Hune, a small town of 3 000 inhabitants situated 40 km away from one of the top Danish
tourism destinations (city of Aalborg), has beautiful beaches but lacked restaurants and
shops focusing on high quality fish products. An itinerant fishmonger, Mogens Klausen
decided setting-up his own restaurant, combined with a fish shop and a smoke house
(which compensates the low activity of the restaurant during the autumn/winter season).
He contacted the North Jutland FLAG that provided him with technical and financial
support. Open all the year, his complex has created 6 all-year full-time jobs for local
people, staff increasing to 20 Full Time Equivalents during the summer season.
EU contribution: €22.500 – Level of EU funding: 3,3%
Source: Farnet
Tourism training for fishermen (Lapland – Finland)
The remaining professional fishermen of Sodankylä were eager to complement their
income by diversifying into tourism. However, they lacked the skills and licenses to make
this a reality. Following discussions with their local FLAG, a group of specialists delivered a
tailor made training package including courses and exams in safety issues, study visits to
25
tourism companies (to forge contacts with and learn from tourism operators), a 10 days
training focused on product development, pricing and customer service, completed by 7
days of personalised study and guidance. Between them, the fishermen have developed a
total of seven marketable products and the nearest big tourist resort (www.luosto.fi) is
now marketing their winter net fishing trips and summer river fishing trips.
EU contribution: € 30.186 – Level of EU funding: 39%
Source: Farnet
Fishing Village Anno 1906 (Bremen - Germany)
The objective of this project was to increase the attractiveness of the run down and
somewhat industrial looking harbour area of Bremerhaven. A local fish wholesaler based in
the harbour and the local FLAG cooperated to establish a small, rustic fishing village at the
port entrance, made up of 11 thatched huts based on traditional fishing huts from the year
1906. Restaurants, shopping possibilities (clothes and fish) and sightseeing were arranged
as a "maritime attraction world" focused around fish. The oldest existing "fish packing hall
IV" (established 1906) was also refurbished. Around 15 trading companies and
gastronomes are now offering their products and services in these halls.
EU contribution: € 158.000 – Level of EU funding: 40%
Source: Farnet
Discovery of shell fish farming in the Pays d'Auray (Brittany – France)
The pays d'Auray has been shaped by fishing and sell fish farming. These sectors are
however under pressure because of a significant residential demand (secondary
residences). A public–private partnership was therefore set up to develop a targeted
tourism offer for the discovery of fishing and shell fish farming (support for the creation of
an 'Oyster house'; programming of visits to shell fish farming sites, processing companies,
the auction at Quiberon; discovery routes, links between producers, restaurant owners and
consumers, etc.).
EU contribution: € 500.000 – Level of EU funding: 42%
Source: Farnet
For other examples, see:

FARNET (European Fisheries Areas Network) bringing together fisheries areas supported by
priority Axis 4 of the European Fisheries Fund (2007-2013). Projects by country or by theme.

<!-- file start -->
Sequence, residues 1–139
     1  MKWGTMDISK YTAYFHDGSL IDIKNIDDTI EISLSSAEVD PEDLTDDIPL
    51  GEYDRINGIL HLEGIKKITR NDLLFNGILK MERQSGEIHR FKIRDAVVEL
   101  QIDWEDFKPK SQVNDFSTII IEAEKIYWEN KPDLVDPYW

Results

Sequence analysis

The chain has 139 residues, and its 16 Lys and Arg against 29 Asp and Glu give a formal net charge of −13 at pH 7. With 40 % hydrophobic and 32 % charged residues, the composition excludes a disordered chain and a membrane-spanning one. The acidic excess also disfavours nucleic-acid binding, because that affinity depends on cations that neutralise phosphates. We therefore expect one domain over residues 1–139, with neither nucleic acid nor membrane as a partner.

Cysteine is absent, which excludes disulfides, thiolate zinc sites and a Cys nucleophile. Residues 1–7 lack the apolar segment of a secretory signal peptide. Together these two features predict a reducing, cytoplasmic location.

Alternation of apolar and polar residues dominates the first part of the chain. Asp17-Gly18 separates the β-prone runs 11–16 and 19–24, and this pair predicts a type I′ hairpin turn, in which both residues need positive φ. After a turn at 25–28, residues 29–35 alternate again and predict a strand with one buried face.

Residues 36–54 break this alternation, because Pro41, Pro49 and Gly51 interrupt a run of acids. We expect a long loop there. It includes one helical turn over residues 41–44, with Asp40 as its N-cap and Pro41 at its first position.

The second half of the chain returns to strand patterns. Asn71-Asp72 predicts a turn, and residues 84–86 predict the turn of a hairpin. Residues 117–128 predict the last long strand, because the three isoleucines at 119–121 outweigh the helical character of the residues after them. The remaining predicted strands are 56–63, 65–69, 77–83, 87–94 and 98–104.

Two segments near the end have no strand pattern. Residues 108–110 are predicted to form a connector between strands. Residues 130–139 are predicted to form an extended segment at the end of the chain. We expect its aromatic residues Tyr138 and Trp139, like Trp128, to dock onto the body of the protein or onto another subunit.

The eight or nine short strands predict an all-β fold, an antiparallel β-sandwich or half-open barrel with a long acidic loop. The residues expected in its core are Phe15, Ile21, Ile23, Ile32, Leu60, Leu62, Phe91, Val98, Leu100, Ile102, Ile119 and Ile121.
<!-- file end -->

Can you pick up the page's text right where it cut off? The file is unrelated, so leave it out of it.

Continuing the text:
26
VIII. LIFE
1.
What is "LIFE"?
LIFE is the financial instrument supporting environmental and nature conservation projects
throughout the EU. The priority areas of its sub-programme for environment are:

Environment and Resource Efficiency34

Nature and Biodiversity35

Environmental Governance and Information36.
The priorities areas of its sub-programme for climate action are:

Climate Change Mitigation (contributing to reduce greenhouse gas emissions)

Climate Change Adaptation (contributing to increase resilience to climate change)

Climate Governance and Information
For more details, see LIFE programme website and 2014-2017 LIFE multiannual work programme.
2.
Type of tourism-related actions eligible for funding
The most relevant actions are probably those envisaged under the so-called "Traditional Projects",37
34
The non-exhaustive list of thematic priorities for this priority area refers to: water, including the marine
environment (management of flood risks, avoiding misuse of water resources, …); waste (integrated
approach for the implementation of waste plans – see example below on Sustainable Cruise - …);
resource efficiency, including soil and forests (improved land use, prevention of forest fires, …);
environment and health, including noise levels (see example below on Tourism Accessibility in Small
Attractive Cities); air quality and emissions, including the urban environment (see example below on
Tourism Accessibility in Small Attractive Cities). EU Regulation 1293/2013 establishing LIFE.
35
The non-exhaustive list of thematic priorities for this priority area refers notably to activities aimed at
improving the conservation status of habitats and species of Union interest (Natura 2000) as well as
activities establishing green infrastructure to maintain and enhance ecosystems.
36
The non-exhaustive list of thematic priorities for this priority area refers in particular to information,
communication and awareness campaigns in line with the EU Environment Action Programme & activities
as well as measures to promote compliance with in relation to EU environmental legislation (see example
below on the information campaign for the reduction of smoking related litter on beaches).
37
The other types of projects are
(a) the "Integrated Projects" implementing on a large territorial scale environmental or climate plans or